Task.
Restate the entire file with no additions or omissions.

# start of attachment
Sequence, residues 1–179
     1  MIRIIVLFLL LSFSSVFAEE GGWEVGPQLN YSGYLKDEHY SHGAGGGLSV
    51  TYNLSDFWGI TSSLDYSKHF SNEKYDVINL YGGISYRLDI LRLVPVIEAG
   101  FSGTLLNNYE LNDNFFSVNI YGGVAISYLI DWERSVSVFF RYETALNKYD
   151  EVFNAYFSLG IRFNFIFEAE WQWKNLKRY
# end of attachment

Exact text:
Sequence, residues 1–179
     1  MIRIIVLFLL LSFSSVFAEE GGWEVGPQLN YSGYLKDEHY SHGAGGGLSV
    51  TYNLSDFWGI TSSLDYSKHF SNEKYDVINL YGGISYRLDI LRLVPVIEAG
   101  FSGTLLNNYE LNDNFFSVNI YGGVAISYLI DWERSVSVFF RYETALNKYD
   151  EVFNAYFSLG IRFNFIFEAE WQWKNLKRY